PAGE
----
I admit, I was one of those to pile on ol' Ma Bell as the culprit for keeping the Google Voice app (don't I wish that was a real iTunes link) off the App Store. Restrictions on Skype and the SlingPlayer app on the iPhone had conditioned me to believe that the "game changing" iPhone had, well, a completely different set of rules applied to it by AT&T. While many in the tech community continued to jump atop the dog pile, in which AT&T was at the very bottom, Apple ran the ball back the other way without anybody noticing.
Apple's response to the FCC's questions covers several areas -- including the fact that it acted alone without AT&T's consultation -- in rejecting not yet allowing the Google Voice app. Almost as striking as Apple's admitted culpability, however, is its rationale for it, which smacks of odd logic and damages the spirit of the App Store.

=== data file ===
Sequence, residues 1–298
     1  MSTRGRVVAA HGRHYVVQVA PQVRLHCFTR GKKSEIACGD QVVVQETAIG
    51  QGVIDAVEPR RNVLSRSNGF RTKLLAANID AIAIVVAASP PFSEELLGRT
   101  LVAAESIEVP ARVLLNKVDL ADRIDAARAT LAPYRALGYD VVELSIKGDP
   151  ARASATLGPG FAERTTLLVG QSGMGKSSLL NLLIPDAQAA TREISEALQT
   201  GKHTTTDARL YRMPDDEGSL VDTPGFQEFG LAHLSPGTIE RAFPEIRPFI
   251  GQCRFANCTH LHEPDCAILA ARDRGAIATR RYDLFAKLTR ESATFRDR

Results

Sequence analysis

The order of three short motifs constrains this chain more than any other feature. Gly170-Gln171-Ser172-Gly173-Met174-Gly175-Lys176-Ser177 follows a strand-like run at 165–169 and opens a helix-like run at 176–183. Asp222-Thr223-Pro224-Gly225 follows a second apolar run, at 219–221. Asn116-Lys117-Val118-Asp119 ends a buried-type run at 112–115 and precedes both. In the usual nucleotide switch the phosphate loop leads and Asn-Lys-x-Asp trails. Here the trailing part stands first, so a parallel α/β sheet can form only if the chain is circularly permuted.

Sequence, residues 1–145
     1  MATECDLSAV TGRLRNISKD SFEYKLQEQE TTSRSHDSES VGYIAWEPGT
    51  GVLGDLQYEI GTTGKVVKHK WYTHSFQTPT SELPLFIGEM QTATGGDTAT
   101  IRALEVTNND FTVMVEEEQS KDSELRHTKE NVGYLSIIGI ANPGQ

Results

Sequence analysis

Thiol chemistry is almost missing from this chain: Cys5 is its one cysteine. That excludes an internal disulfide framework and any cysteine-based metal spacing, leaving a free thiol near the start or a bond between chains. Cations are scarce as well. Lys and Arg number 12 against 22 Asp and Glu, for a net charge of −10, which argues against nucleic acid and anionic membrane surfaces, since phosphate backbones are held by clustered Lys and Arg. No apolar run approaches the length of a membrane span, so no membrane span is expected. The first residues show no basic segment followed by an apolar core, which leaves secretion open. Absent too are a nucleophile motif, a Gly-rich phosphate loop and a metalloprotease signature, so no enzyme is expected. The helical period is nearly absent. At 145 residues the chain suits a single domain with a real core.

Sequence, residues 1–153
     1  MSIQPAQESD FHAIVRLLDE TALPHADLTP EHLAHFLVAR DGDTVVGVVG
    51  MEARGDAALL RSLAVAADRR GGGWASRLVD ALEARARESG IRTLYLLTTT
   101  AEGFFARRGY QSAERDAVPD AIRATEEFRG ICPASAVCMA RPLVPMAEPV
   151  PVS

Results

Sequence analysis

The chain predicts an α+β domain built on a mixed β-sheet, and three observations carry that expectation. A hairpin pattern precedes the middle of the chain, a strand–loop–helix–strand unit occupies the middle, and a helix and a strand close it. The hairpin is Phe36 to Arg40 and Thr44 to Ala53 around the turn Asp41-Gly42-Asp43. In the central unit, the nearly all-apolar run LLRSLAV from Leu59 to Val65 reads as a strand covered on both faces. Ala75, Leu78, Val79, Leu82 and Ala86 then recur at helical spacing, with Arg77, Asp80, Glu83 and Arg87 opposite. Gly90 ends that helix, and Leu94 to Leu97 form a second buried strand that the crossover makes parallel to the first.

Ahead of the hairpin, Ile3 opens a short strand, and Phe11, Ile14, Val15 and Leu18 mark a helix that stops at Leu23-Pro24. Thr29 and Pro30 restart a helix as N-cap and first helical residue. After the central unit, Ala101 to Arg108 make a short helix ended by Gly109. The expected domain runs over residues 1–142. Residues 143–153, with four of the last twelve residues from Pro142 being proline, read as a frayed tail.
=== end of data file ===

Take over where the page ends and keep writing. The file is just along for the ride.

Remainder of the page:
In short, Apple states that it rejected "continues to study" Google Voice because, in its current form, the app "replaces the iPhone's core mobile telephone functionality and Apple user interface for telephone calls, text messages and voicemail."
While the iPhone is more than the sum of its parts, the phone portion of it is arguably the least compelling when compared to other features. Out of the box, the iPhone comes with several apps pre-installed. And, based on their placement at the foot of the home screen (as well as Steve Jobs' Macworld proclamation), Apple views the iPhone as "an iPod, a phone, and an Internet communicator (Safari and Mail)." But the advent of the App Store and the third party apps that arrived with it further reinvented a device that had already reinvented the entire tech market. If the iPhone wasn't already viewed as a computer-first, phone-a-distant-second device, it certainly took this form after the App Store.
Taken at face value, Apple's rationale for rejecting Google Voice also means that YouMail [iTunes link], TextFree [iTunes link], and Skype [iTunes link] should be rejected as well. As Mike noted yesterday, YouMail could serve as a replacement for Visual Voicemail, TextFree could supplant the iPhone's SMS client, and Skype could do both, albeit in a different and slightly limited capacity.